The global business landscape is littered with expensive, well-intended strategies that failed in the execution phase. Some of these doomed. Why do businesses consistently fail to execute their competitive strategies? Because leaders don't identify and invest in the full range of. Doing the right projects means actively deciding not to undertake the wrong projects. Executing Your Strategy - Morgan, Levitt, Malek. Strategic Focus.
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EXECUTING YOUR STRATEGY. How to Break It Down & Get It Done. Mark Morgan. Author and Consultant. StratEx Advisors, Inc. musicmarkup.info Why do businesses consistently fail to execute their competitive strategies? Because leaders don't identify and invest in the full range of projects and programs. A book review of Executing Your Strategy by Mark Morgan, William A. Malek, Raymond E. Levitt, recommended for the serious practitioner.
Email Sometimes a particular episode will bring to light new ways of building on your strengths. To win a highly competitive bid for supplying 66 passenger train cars to a British rail operator, Bombardier shifted its manufacturing and commercial models to a platform-based approach, which allowed it to use and reuse the same designs for several different types of railway cars. But the benefits were immediate: lower costs, less technology risk, faster time-to-market, and better reliability. Bombardier won the bid — and, more importantly, learned from the experience, making the episode a model for other bids and contracts. Additional contracts soon followed.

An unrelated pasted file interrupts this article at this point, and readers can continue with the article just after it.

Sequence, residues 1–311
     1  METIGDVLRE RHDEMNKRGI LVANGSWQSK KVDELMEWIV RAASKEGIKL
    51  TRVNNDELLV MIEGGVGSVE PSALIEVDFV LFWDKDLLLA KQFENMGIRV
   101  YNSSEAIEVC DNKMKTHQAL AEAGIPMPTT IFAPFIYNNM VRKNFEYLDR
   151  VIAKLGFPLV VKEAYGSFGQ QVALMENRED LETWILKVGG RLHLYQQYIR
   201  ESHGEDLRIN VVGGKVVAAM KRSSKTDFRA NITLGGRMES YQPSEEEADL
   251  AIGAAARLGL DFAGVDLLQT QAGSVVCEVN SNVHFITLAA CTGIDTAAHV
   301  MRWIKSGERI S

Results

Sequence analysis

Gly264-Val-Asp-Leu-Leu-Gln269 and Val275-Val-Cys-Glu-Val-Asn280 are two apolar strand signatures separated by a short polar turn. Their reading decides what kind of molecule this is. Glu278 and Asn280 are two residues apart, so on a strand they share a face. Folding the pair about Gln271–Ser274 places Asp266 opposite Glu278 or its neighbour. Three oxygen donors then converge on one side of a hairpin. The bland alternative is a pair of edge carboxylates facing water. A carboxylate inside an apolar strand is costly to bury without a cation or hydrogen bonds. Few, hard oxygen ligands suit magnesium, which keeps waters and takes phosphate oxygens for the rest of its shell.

They can both envision a blockbuster strategy and figure out in detail how to develop and sell it to customers. There are similarly ambidextrous people in every company, but they often go unappreciated.
Find them, recognize and reward them, and give them opportunities to influence others. Foster ambidexterity in practices and processes as well as in people. Over time, this approach will channel investments toward projects with a more strategic rationale. They had already outsourced much of their activity, redesigning airport practices and enhancing operations.
But not much had changed. Convening the directors and some department leaders, the head of the airport explained that some seemingly minor operational issues — long customs lines, slow boarding processes, and inadequate basic amenities — were not just problems in execution.
Individual airport employees, he added, could make a difference. The head of the airport then conducted in-depth sessions with employees on breaking down silos and improving operations. In these sessions, he turned repeatedly to a common theme: Each minor operational improvement would affect the attractiveness of the country for commercial travel and logistics.